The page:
- Hip Fractures,
- Hip Osteoarthritis, or
- Avascular Necrosis of the Hip (AVN).
Hip FracturesThe hip joint consists of a socket (acetabulum) in the pelvic bone, a ball (femoral head), and ligaments that assist weight-bearing, provide balance, stability and enable a range of movements – front, back, sideways, rotation. When a hip is fractured, there is a break in the upper fourth of the femur (thigh) bone. It can be a fragility fracture in elders or an accident fracture in youngsters. Furthermore, conditions such as osteoporosis or cancer weaken the bones around the hip and spine making them more susceptible to breaking. In such cases, a patient may require a hip implant or a total hip replacement or a bioplar hip replacement. An X-ray can diagnose a hip fracture. It can also distinguish between an Intra-capsular fracture, Intertrochanteric fracture, and Subtrochanteric fracture.
Hip OsteoarthritisHip Osteoarthritis is a type of arthritis that causes wear and tear of the hip. In India, it is the second most common cause of hip replacement surgery after knee osteoarthritis. Here, the articular cartilage of the hip begins to wears off, exposing the underlying bone. When the bones rub on each other, the friction causes pain. The hip replacement surgeon may order X-rays or an MRI scan to diagnose hip arthritis. Only when mild pain killers, supplements, and lifestyle modification don’t help, the ortho surgeon will recommend total hip replacement surgery. In this surgery, the surgeon replaces the damaged shell (socket) (acetabulum) and the ball (femoral head). The shell is made from medical-grade plastic or ceramic and the head from metal or ceramic. When Is Total Hip Surgery Recommended When you begin to see the following symptoms, it is time to consult the best orthopaedic surgeon for hip replacement. They include:-
- Pain in the hip, buttocks, groin, outer thigh.
- Stiffness when you initiate any movements after a period of rest.
- Hip movement becomes restricted and causes a limp.
- The ability to walk routinely reduces over time and becomes disabling.
Avascular Necrosis of the Hip (AVN)
Avascular necrosis or osteonecrosis of the hip occurs when blood supply to the bone is permanently lost. This condition eventually destroys the hip joint. It may be due to injury, old fracture or dislocation, damage to blood vessels, long-term use of steroids, and excessive alcohol abuse.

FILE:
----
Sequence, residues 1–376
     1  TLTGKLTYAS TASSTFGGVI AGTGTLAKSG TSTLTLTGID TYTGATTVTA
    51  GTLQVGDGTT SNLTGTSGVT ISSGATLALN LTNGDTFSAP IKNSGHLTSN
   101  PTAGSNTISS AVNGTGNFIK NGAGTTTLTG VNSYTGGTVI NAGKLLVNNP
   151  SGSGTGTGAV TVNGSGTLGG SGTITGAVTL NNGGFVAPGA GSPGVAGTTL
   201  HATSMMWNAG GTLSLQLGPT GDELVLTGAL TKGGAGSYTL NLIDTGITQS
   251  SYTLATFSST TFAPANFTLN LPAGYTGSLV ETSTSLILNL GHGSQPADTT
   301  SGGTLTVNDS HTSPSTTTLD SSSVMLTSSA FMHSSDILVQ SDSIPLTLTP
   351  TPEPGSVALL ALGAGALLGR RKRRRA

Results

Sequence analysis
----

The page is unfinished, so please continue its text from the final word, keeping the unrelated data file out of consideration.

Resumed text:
Apart from clinical examination, the modalities used to diagnose AVN are X-ray’s, and in early stages where X-ray usually doesn’t pick up, MRI scan is helpful.
Only when anti-inflammatory medications, activity changes, physical therapy, bisphosphonates, etc don’t help, total hip replacement is needed. Also, if the collapse has already occurred, then the surgeon will suggest Total Hip Replacement surgery.
When Is Total Hip Surgery Recommended
The AVN condition progresses over months to even years. Since its symptoms are not easy to recognize, it is advisable to visit an orthopaedic surgeon for a consultation.
Procedure for Total Hip Replacement
The type of surgery depends on the age and the fracture pattern. It can either be a repair of the fracture or replacement of the head of the femur or replacement of both, the socket and the head. Here, the orthopaedic surgeon removes the damaged cartilage and bone and positions new metal, plastic, or ceramic implants. It restores the alignment and function of the hip.
Postoperative Care for Total Hip Replacement
Patients are encouraged to get out of bed on the same evening of the surgery or the next day. Your surgeon will also recommend:-
- A graduated walking program initially in your home and later outdoors.
- Climbing stairs is generally advised after assessing the hip strength.
- Specific daily exercises by a physiotherapist to restore movement and strengthen your hip.